“Twins don’t just go missing,” Sheriff Richard Roundtree said Tuesday. “One person may go missing but not twins. Sixteen-year-olds don’t have the means (to leave).”
The sheriff’s office released age progression photos Tuesday of what the 39-year-olds might look like today.
Shanta Sturgis was 12 years old when her sisters walked out of their Cooney Drive home for the last time on March 18, 1990. She remembers lying on the couch, crying and begging to go with them, but they promised they’d be back soon. By evening, she and her family were frantically searching.
The twins had walked to a friend’s home at 12th Street and Martin Luther King Boulevard and were last seen in the area after leaving the home. Both were freshmen at Lucy C. Laney High School at the time.
The family tried to remain hopeful in the hours and days after the disappearance, but the twins were not the type to run away, Sturgis said.
Dannette suffered from seizures, but her medication was left behind.
“Knowing her condition, there’s no way she would have run away from home,” Sturgis said.
Their mother, Mary Sturgis, said the news that the case had been closed on their 17th birthday in April 1991 was devastating. Roundtree said it appeared that someone reported the girls’ return. The case was closed, but a final report was never filed.
Even though she was young, Shanta Sturgis could see the pain her mother was facing while juggling the rearing of her remaining eight children.
“My mom did a pretty good job raising us after the fact,” she said. “I knew she was sad. She would go in her room and close the door. She got so discouraged.”
When Shanta Sturgis was older she began her own quest to find her sisters. When the requests for the sheriff’s office to reopen the case went unanswered, Sturgis began searching for other ways. She looked on the Internet to see if their names appeared. She contacted the FBI and even Oprah Winfrey and John Walsh from America’s Most Wanted, but no one offered help.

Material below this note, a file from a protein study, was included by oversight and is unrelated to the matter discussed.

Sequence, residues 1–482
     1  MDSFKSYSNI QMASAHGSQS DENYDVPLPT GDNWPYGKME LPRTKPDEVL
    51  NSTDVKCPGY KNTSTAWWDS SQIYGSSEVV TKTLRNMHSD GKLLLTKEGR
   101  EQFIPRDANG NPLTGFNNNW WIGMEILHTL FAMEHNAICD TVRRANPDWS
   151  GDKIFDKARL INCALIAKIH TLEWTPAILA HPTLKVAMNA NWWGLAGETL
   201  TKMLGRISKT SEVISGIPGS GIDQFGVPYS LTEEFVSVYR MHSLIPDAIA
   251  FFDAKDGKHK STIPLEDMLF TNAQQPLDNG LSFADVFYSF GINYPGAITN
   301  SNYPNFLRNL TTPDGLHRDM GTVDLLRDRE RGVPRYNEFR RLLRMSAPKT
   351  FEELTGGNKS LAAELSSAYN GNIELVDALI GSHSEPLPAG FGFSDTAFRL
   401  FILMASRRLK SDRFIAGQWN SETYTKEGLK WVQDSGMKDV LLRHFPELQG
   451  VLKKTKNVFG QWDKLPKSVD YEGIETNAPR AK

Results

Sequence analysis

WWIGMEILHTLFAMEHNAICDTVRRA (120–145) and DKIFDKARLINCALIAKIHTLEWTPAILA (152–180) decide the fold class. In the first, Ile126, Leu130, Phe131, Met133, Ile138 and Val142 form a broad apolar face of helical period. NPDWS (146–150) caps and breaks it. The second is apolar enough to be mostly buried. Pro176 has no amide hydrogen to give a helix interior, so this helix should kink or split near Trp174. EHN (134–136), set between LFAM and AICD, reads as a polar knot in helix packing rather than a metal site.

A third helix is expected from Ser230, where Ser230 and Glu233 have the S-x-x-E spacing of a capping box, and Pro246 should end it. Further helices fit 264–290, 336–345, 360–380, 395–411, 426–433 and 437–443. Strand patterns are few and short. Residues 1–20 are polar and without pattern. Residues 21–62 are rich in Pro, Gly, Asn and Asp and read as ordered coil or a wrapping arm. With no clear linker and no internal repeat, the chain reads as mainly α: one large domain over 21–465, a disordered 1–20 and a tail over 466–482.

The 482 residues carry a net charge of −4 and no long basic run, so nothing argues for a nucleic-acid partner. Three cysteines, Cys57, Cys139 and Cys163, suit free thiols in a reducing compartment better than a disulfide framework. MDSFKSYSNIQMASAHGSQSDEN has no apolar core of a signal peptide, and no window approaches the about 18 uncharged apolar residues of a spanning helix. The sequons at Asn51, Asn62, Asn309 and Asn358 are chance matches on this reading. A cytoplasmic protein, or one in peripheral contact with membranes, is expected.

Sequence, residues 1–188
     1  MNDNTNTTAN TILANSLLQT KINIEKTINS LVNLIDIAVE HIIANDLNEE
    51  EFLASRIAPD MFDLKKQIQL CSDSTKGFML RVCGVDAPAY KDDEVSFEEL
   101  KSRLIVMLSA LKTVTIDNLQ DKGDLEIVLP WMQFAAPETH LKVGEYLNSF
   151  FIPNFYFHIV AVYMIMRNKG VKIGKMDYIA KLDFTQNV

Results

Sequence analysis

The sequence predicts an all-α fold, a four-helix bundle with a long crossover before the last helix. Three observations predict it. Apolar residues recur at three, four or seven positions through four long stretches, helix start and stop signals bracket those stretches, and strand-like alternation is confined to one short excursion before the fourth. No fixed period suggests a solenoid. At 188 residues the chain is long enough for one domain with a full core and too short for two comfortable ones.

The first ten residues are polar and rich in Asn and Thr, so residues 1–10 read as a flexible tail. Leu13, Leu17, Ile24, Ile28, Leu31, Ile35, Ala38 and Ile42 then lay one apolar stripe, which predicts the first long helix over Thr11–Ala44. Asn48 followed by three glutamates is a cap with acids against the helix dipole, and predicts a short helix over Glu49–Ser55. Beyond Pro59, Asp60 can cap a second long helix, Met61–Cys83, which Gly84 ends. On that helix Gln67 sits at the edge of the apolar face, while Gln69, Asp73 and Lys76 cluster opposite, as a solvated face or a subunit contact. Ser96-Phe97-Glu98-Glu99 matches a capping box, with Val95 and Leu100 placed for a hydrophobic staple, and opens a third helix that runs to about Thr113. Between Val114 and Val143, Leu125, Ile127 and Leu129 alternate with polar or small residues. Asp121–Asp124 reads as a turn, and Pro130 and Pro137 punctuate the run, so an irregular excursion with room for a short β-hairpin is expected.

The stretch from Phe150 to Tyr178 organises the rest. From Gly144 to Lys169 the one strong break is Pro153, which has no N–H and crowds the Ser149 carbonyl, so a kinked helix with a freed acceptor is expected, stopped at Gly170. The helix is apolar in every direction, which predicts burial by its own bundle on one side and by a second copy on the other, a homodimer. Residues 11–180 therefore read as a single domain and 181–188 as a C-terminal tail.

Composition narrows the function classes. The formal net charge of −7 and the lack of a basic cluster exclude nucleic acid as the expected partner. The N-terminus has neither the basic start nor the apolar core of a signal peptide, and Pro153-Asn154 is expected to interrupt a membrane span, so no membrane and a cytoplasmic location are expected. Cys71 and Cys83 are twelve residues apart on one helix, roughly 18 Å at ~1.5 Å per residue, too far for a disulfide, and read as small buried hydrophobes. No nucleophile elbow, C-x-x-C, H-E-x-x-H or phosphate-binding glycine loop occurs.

“When you don’t have the help you want, you just start to give up,” she said. “It’s just hard to not know.”
Earlier this year, she contacted Roundtree, who asked investigators to look into the case. Sturgis said Maj. Scott Peebles called to say the unsettling matter of the case being closed on “hearsay” prompted investigators to reopen it.
“We have found absolutely no traces based on Social Security numbers, date of birth or names,” Roundtree said. “But miracles do happen.”
The sheriff’s office began working with the National Center of Missing and Exploited Children to get photos of what the twins could look like today.
“It was scary,” Shanta Sturgis said of the first time she saw the age progression photos. “I was like what if I’ve seen these people before and didn’t realize it was them.”
Now the more she looks at the photo of Jeannette, the more she sees herself.
The family said news of every abduction, discovery of remains and recent cases – such as the July arrest of Michael Madison in Cleveland, Ohio, for the death of three women – brings back haunting memories.
Her sisters’ disappearance has resulted in Shanta Sturgis’ own fears for her five children, who are constantly reminded of the dangers.
She said she tells her daughter: “You could be here one day and the next day be gone.”